5 Aphasia Activities for Senior Care

5 Aphasia Activities for Senior Care

Found In: Activities Articles

Aphasia is a communication disorder that results from damage or injury to the brain. A person with aphasia may have trouble understanding, speaking, reading, or writing.
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Aphasia is a communication disorder that results from damage or injury to the brain. A person with aphasia may have trouble understanding, speaking, reading, or writing.

Aphasia can be caused by strokes, head trauma, tumors and other neurological conditions such as dementia. Research shows that between 25% - 40% of people who survive a stroke acquire aphasia.

People affected by aphasia should commence Speech Therapy as soon as possible.

What is Aphasia?

Aphasia is not a disease, but rather a symptom of brain damage. It is characterized by a gradual loss in speech and language functioning while other cognitive domains remain mostly preserved, such as memory and personality.

Aphasia disrupts relationships and everyday living making it a very frustrating and isolating disorder. Recovery is invariably slow; the brain needs time to form new networks and heal. Persistence, therapy, and loving understanding is needed for improvement.

Types of Aphasia

  • Fluent
  • Non-Fluent
  • Anomic Aphasia
  • Global Aphasia
  • Primary progressive Aphasia

Receptive Aphasia - The ability to grasp the meaning of spoken words and sentences is impaired, while the ease of producing connected speech is not very affected. People may mix up words or make a sentence with a series of words that don't make sense.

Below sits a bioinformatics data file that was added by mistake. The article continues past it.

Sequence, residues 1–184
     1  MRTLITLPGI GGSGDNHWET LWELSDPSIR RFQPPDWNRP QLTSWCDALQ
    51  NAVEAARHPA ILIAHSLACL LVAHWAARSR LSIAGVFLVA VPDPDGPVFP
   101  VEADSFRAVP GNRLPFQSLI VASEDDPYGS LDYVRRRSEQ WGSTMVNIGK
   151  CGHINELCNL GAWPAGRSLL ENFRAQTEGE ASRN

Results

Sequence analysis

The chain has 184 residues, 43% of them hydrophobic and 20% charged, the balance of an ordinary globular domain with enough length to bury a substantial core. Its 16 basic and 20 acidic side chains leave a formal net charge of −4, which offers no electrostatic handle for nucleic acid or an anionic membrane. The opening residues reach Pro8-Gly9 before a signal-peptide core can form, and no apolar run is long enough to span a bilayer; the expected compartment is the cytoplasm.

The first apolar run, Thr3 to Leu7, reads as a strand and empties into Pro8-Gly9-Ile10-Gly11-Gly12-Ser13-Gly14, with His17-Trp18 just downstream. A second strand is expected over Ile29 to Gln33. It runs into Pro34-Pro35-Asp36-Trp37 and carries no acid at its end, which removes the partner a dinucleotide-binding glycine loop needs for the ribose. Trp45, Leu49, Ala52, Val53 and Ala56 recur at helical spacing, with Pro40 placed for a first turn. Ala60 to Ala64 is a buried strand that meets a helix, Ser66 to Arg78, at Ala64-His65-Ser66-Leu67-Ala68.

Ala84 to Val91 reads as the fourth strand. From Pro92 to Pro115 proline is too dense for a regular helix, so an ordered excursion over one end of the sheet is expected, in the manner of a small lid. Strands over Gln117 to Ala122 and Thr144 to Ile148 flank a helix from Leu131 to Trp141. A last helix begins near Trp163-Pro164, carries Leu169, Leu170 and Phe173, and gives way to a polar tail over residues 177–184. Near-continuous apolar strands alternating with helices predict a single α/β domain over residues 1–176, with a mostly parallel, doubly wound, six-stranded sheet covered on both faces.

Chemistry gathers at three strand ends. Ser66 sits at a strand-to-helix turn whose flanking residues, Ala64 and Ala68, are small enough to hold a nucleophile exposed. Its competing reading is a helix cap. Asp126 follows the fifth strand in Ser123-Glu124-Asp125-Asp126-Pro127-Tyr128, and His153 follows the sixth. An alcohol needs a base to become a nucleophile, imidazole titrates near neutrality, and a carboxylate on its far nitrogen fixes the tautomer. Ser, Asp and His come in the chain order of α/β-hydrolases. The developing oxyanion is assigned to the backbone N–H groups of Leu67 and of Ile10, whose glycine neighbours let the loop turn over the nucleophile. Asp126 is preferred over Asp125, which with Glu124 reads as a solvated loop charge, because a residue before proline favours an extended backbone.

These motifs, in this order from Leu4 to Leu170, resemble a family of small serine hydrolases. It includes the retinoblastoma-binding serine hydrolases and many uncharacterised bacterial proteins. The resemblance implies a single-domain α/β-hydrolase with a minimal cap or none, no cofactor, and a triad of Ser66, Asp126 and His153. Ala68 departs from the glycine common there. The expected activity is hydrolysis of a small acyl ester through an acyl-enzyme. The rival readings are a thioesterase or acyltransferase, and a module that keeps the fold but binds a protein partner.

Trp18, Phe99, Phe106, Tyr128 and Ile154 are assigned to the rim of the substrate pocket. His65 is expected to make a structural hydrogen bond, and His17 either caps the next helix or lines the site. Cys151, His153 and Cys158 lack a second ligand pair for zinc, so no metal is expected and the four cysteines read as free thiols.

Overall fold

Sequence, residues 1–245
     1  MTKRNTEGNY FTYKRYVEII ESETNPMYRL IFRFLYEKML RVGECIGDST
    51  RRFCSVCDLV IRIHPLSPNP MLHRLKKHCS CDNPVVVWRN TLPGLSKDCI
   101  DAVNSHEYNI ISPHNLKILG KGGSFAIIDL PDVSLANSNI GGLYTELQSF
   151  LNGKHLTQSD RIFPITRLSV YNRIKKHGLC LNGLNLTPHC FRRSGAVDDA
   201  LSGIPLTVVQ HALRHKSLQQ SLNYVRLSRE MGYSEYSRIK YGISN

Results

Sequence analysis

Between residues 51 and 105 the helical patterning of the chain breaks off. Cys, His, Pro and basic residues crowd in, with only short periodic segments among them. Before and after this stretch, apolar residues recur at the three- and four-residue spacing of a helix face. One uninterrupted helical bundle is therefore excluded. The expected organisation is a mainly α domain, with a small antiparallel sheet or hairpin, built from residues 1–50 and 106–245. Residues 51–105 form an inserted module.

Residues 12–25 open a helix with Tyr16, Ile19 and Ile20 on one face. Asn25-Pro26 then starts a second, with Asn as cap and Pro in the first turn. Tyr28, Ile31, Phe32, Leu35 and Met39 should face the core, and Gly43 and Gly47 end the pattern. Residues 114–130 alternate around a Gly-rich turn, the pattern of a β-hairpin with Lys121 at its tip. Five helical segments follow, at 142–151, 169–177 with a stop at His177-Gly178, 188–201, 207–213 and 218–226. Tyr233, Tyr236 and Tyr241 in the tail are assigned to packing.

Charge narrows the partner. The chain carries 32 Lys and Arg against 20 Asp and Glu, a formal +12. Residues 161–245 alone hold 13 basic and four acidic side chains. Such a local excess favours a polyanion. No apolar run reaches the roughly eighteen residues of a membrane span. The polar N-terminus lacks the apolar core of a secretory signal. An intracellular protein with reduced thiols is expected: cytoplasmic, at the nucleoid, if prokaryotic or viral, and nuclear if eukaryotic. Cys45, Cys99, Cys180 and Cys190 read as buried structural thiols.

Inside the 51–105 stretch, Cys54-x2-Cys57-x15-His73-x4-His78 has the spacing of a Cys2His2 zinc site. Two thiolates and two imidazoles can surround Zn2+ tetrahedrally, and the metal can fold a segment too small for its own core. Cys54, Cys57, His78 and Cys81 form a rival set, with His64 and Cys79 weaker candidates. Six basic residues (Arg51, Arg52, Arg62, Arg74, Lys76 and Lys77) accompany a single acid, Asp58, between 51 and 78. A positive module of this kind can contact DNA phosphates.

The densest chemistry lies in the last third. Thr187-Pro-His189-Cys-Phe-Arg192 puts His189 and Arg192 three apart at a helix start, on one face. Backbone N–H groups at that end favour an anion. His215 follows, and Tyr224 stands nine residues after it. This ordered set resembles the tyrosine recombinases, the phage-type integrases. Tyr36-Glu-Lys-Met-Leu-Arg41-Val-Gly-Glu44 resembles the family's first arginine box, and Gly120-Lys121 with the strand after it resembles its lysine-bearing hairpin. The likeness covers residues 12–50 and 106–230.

Non-Fluent or Expressive Aphasia - Partial loss of the ability to produce language (spoken, manual, or written), although comprehension generally remains intact.

Anomic Aphasia - Mildest of the aphasias, with relatively preserved speech and comprehension but difficulty in word finding. People cannot express the words they want to say (particularly nouns and verbs).

Global Aphasia - Considered the most severe type of Aphasia. People have difficulty speaking and understanding and cannot read or write. They may be able to say and understand a few words at a time.

Primary Progressive Aphasia - Language capabilities become slowly and progressively impaired due to neurodegenerative diseases such as Alzheimer's Disease. People with primary progressive aphasia eventually lose the ability to speak and write, and to understand written and spoken language. Communication at this stage will require the use of gestures, smiles and the observation of body language.

10 Communication Strategies for Activity Staff

Staff education on the various forms of Aphasia and relevant communication strategies is imperative. The goal for staff is to provide clients with a means by which to express themselves. Apart from patience and compassion, staff should:

  1. Remember that a lack of language does not equal a lack of intelligence.
  2. Look clients in the eyes when speaking to them; talk slowly and repeat important words.
  3. Avoid noises and other distractions during communication.
  4. Keep your voice at a normal volume.
  5. Encourage the person to write, draw or point out what they want to say.
  6. Identify the subject at hand first and then try to understand the message.
  7. Be patient and wait for your client's answer
  8. Remember that clients have the right to be frustrated, and decide whether to continue with a conversation / activity or leave it for later.
  9. Use verbal and written YES / NO questions.
  10. Be aware that elderly clients with Aphasia may have swallowing difficulties.

Aphasia Activity Ideas for Activity Coordinators

Activity Professionals may engage clients in a Life Participation Program while they adjust to their disability. The Life Participation approach refers to a general model of care delivery, rather than a specific clinical approach. Notwithstanding, seek advice from a speech/language pathologist if at all possible.